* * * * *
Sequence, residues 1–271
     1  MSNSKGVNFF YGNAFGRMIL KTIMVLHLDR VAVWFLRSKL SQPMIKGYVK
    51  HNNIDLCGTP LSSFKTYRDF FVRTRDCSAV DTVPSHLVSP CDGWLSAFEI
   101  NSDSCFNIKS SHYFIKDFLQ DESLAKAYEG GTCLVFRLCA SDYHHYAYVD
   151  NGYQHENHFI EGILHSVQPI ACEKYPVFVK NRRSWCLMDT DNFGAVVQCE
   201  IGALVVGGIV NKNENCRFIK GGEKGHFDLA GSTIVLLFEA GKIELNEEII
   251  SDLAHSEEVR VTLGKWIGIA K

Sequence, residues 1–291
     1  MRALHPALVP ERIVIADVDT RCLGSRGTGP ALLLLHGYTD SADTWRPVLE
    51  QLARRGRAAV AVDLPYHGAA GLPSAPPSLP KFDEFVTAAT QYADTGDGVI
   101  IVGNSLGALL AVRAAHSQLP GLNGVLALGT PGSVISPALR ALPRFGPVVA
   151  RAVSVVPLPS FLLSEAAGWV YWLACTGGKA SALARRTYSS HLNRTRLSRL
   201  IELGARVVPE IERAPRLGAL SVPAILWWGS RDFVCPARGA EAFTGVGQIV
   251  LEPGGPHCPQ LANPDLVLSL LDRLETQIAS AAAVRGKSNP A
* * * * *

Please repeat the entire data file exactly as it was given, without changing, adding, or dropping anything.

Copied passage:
Sequence, residues 1–271
     1  MSNSKGVNFF YGNAFGRMIL KTIMVLHLDR VAVWFLRSKL SQPMIKGYVK
    51  HNNIDLCGTP LSSFKTYRDF FVRTRDCSAV DTVPSHLVSP CDGWLSAFEI
   101  NSDSCFNIKS SHYFIKDFLQ DESLAKAYEG GTCLVFRLCA SDYHHYAYVD
   151  NGYQHENHFI EGILHSVQPI ACEKYPVFVK NRRSWCLMDT DNFGAVVQCE
   201  IGALVVGGIV NKNENCRFIK GGEKGHFDLA GSTIVLLFEA GKIELNEEII
   251  SDLAHSEEVR VTLGKWIGIA K

Sequence, residues 1–291
     1  MRALHPALVP ERIVIADVDT RCLGSRGTGP ALLLLHGYTD SADTWRPVLE
    51  QLARRGRAAV AVDLPYHGAA GLPSAPPSLP KFDEFVTAAT QYADTGDGVI
   101  IVGNSLGALL AVRAAHSQLP GLNGVLALGT PGSVISPALR ALPRFGPVVA
   151  RAVSVVPLPS FLLSEAAGWV YWLACTGGKA SALARRTYSS HLNRTRLSRL
   201  IELGARVVPE IERAPRLGAL SVPAILWWGS RDFVCPARGA EAFTGVGQIV
   251  LEPGGPHCPQ LANPDLVLSL LDRLETQIAS AAAVRGKSNP A